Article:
Remember, remember your old brown inhaler
Coughs, colds and sore throats are usually a nuisance, one from which the majority of people make a complete recovery. However, people who suffer from asthma often find that their symptoms are significantly aggravated by even a mild viral infection, causing increased wheezing, shortness of breath and coughing bouts. Sometimes a simple cold can trigger an acute, potentially serious asthma attack. Hereís how to prevent that from happening.
Most people who are on regular inhaler therapy for their asthma will have a blue (reliever) inhaler and a brown (preventer) inhaler. The blue inhaler makes you feel instantly better as it opens up the airways, relieving the cough, wheeze and shortness of breath. The brown (preventer) inhaler acts as an anti-inflammatory agent on the lining of the airways, preventing swelling and the development of excess mucus, which leads to the tightening of the airways.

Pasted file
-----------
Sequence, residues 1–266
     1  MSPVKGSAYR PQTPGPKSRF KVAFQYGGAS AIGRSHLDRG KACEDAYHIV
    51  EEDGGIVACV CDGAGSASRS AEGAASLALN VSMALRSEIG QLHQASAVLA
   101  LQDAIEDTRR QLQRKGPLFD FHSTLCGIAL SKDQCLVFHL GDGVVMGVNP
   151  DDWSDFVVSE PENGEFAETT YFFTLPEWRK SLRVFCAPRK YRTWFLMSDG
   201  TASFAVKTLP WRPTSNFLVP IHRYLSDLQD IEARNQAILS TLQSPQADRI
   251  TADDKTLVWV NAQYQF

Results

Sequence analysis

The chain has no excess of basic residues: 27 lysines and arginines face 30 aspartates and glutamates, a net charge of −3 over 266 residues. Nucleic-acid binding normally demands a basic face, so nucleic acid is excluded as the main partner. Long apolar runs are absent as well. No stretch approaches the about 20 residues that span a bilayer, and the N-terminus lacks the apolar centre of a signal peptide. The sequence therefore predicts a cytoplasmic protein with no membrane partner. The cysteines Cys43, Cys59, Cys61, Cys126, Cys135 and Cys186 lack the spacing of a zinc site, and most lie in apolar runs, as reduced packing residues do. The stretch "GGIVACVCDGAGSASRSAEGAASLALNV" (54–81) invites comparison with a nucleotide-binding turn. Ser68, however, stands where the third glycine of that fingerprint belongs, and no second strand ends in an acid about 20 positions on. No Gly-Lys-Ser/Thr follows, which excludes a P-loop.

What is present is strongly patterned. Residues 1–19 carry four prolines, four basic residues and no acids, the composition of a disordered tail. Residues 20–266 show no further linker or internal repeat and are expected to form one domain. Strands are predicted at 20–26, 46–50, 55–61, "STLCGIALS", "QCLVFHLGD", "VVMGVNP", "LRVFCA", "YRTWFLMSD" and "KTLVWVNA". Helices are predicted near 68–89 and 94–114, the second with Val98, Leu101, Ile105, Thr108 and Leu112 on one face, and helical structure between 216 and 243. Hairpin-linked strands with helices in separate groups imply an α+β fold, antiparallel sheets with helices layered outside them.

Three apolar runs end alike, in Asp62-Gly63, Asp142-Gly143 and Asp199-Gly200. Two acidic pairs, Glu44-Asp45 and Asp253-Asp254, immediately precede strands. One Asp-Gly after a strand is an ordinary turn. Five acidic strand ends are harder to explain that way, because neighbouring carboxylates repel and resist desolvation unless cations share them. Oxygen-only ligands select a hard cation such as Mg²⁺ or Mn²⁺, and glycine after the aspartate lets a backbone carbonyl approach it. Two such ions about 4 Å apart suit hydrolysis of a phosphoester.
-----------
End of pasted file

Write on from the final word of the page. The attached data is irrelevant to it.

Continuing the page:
If you use a reliever (blue) inhaler more than three times a week you should see the nurse to discuss whether or not a preventer (brown) inhaler may be necessary to control your symptoms and make you feel better.
If that is the case, please remember to double the dose of your brown inhaler if you develop signs of a cold/cough/sore throat. Any viral infection affecting the upper airways can cause a worsening of asthma, sometimes enough to trigger a severe asthma attack.
If you are someone who just needs a blue (reliever) inhaler less than three times per week, you may find that your symptoms worsen when you have a cold and that you need to use your inhaler more often.
Please see the nurse straightaway if your inhalers arenít working and you are coughing, feeling wheezy, short of breath and waking up at night, tightchested and coughing. These are all indications that your asthma is not controlled and you might be heading for an acute asthma attack.
This article published on
01 March 2005
Next review date 01/03/2013